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Bear Creek salmon face uncertain post-fire future

Big fall chinook salmon that are heading up Bear Creek face an uncertain future as the Rogue Valley begins to grapple with the environmental effects of the Almeda fire.

Toxic runoff from the more than 3,000 structures destroyed in the September fire will find its way into Bear Creek, and it has the potential to harm the basin’s wild fall chinook run, state biologists say.

Toxic chemicals washing into the creek with the next rains could sicken or kill fall chinook now in the peak of their spawning run through downtown Medford and as high up the system as Ashland Creek, biologists say.

And perhaps even more importantly, the toxins flowing from burned areas around Talent and Phoenix could damage salmon eggs laid this month and set to incubate well into March.

“Right now, we just don’t know what the impacts will be,” says Pete Samarin, an Oregon Department of Fish and Wildlife biologist surveying Bear Creek to count spawning salmon.

“If there were 3,000 homes destroyed, that’s at least 3,000 bottles of bleach,” Samarin says. “We know there’s going to be impacts, but we really don’t know yet what those impacts are going to be.”

Possibilities run the gamut, Samarin says.

It could be that a single rain flushes the runoff downstream with limited impacts on fragile salmon eggs laid annually in gravel runs from Central Point to Ashland, Samarin says.

Or the toxins could settle into the system and blanket the egg nests, he says.

“What will happen? Just don’t know,” Samarin says. “But we’ll find out.”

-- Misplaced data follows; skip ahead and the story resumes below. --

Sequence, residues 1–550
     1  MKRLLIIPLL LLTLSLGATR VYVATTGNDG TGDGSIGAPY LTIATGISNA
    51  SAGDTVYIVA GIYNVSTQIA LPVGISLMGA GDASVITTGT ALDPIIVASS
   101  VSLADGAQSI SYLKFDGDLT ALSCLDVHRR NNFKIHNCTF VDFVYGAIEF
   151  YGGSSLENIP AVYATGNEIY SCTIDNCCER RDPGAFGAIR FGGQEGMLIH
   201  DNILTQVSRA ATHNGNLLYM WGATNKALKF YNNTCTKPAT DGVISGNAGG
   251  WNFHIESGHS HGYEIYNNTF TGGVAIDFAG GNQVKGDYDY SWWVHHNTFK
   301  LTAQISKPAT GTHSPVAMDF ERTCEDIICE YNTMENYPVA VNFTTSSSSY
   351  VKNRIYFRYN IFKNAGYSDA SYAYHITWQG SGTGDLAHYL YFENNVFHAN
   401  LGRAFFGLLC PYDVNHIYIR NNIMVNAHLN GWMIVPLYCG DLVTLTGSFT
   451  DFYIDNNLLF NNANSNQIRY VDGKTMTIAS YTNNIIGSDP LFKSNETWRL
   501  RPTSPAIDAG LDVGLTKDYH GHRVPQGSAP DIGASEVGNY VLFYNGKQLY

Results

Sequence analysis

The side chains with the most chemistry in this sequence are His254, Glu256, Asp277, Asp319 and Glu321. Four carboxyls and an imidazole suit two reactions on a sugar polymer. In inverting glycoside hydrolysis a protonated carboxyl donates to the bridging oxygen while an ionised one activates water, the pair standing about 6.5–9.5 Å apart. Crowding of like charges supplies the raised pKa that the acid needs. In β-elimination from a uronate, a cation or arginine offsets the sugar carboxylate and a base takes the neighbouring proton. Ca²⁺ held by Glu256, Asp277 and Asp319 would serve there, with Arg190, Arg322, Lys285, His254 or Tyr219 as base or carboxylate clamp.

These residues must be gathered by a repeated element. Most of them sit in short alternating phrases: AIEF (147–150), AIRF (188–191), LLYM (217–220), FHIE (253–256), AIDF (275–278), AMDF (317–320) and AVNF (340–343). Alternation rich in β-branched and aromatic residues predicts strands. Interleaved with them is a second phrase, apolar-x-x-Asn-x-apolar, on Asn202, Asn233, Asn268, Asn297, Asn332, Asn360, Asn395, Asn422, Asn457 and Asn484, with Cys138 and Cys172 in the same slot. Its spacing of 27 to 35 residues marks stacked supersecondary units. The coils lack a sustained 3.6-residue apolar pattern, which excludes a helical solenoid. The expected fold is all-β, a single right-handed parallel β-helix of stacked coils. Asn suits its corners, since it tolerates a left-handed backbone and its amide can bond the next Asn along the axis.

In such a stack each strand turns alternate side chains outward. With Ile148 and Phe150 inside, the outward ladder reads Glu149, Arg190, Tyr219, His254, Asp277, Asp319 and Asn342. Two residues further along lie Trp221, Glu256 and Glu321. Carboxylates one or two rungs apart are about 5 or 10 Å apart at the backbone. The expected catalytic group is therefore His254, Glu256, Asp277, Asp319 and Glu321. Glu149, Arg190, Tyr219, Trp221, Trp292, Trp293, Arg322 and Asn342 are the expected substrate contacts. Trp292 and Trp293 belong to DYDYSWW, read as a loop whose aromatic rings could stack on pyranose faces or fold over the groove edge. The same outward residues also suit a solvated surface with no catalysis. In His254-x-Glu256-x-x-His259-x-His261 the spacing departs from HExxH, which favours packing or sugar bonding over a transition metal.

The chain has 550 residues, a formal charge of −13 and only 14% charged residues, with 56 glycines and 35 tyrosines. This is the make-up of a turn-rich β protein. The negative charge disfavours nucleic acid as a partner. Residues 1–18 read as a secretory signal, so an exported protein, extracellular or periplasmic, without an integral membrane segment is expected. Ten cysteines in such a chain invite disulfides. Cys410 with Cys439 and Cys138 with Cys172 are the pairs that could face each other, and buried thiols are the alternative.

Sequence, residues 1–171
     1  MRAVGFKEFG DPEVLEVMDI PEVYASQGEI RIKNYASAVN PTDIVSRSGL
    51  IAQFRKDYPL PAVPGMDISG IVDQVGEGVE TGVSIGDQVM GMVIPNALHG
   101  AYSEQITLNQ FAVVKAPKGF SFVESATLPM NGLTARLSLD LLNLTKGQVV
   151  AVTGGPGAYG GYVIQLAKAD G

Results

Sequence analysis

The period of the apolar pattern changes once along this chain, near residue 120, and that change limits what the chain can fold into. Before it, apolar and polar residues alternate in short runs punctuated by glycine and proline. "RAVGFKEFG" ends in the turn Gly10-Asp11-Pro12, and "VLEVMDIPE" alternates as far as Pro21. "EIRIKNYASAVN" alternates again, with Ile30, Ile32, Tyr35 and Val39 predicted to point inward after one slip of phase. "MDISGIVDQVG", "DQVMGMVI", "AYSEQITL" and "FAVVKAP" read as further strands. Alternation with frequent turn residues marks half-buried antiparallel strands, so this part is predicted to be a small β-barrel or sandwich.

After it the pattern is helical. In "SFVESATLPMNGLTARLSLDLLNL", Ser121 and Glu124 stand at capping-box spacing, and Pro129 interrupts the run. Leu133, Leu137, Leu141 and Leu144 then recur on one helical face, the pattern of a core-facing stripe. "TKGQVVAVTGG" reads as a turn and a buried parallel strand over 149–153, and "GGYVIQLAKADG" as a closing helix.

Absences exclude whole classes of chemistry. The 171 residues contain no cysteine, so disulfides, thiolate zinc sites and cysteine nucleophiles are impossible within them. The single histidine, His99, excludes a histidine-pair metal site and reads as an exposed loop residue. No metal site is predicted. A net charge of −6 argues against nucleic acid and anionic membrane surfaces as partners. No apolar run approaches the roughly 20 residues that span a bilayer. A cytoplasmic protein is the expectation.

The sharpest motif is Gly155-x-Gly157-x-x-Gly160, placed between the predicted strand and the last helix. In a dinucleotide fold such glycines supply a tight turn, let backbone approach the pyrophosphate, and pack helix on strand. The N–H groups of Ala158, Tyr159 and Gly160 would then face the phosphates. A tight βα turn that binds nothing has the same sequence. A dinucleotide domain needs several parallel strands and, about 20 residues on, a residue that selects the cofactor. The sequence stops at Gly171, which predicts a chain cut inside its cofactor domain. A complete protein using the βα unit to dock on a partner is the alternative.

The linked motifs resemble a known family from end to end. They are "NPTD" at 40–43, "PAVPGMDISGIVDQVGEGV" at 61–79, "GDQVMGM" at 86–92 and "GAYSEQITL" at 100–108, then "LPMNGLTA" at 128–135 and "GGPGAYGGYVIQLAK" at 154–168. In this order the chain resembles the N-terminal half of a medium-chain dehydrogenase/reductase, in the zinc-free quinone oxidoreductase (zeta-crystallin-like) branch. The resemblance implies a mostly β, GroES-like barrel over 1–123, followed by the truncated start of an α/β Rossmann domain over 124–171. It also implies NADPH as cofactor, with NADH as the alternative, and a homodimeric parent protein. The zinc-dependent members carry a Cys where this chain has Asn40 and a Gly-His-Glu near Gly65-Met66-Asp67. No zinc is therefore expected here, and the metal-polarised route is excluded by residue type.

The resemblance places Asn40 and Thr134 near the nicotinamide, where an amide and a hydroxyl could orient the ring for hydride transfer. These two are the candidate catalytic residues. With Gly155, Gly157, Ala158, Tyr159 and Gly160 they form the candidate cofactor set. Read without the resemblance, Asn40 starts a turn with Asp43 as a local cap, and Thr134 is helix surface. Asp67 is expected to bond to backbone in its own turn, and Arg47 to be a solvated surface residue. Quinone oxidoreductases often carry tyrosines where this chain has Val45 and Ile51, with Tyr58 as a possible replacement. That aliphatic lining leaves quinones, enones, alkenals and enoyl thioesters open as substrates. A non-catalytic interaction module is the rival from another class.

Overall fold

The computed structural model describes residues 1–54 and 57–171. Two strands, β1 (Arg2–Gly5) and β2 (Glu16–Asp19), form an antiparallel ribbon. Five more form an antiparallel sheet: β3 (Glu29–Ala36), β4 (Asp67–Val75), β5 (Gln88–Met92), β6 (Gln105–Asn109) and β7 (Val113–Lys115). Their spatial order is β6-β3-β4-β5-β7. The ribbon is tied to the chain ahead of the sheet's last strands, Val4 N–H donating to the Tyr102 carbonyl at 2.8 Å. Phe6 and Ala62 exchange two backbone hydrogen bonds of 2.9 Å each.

Spotting wild fall chinook as long as a man’s leg is an annual event for many people living in the Bear Creek Valley, despite the creek having some of the poorest water quality of Oregon’s urban streams. Bear Creek is listed as unhealthy for sediment loads, pH levels, turbidity, temperature and oxygen levels, yet each year hundreds of wild fall chinook, coho salmon, summer steelhead and winter steelhead make it back to spawn annually.

Their offspring live desperate lives while they eke out their freshwater lifecycle dodging hot water in summer and roiled flows during winter freshets before heading to the ocean as smolts to bulk up on krill and other natural foods before returning as behemoths.

The peak of the upstream run in Bear Creek typically is this week, says Jim Hutchins, a naturalist who has counted spawning chinook here for 30 years.

Hutchins earlier this week counted 57 chinook in the creek during a 24-hour period in downtown Medford, where the spawning fish are visible from several bridges.

“They’re beautiful,” Hutchins says. “You can stand there and see them. It’s awesome.”

Reach Mail Tribune reporter Mark Freeman at 541-776-4470 or mfreeman@rosebudmedia.com. Follow him on Twitter at www.twitter.com/MTwriterFreeman.

ODFW biologist Hope Gurzell, and ODFW biologist Pete Samarin take a fall chinook salmon survey in Bear Creek at U.S. Cellular Community Park on Friday. (Jamie Lusch / Mail Tribune)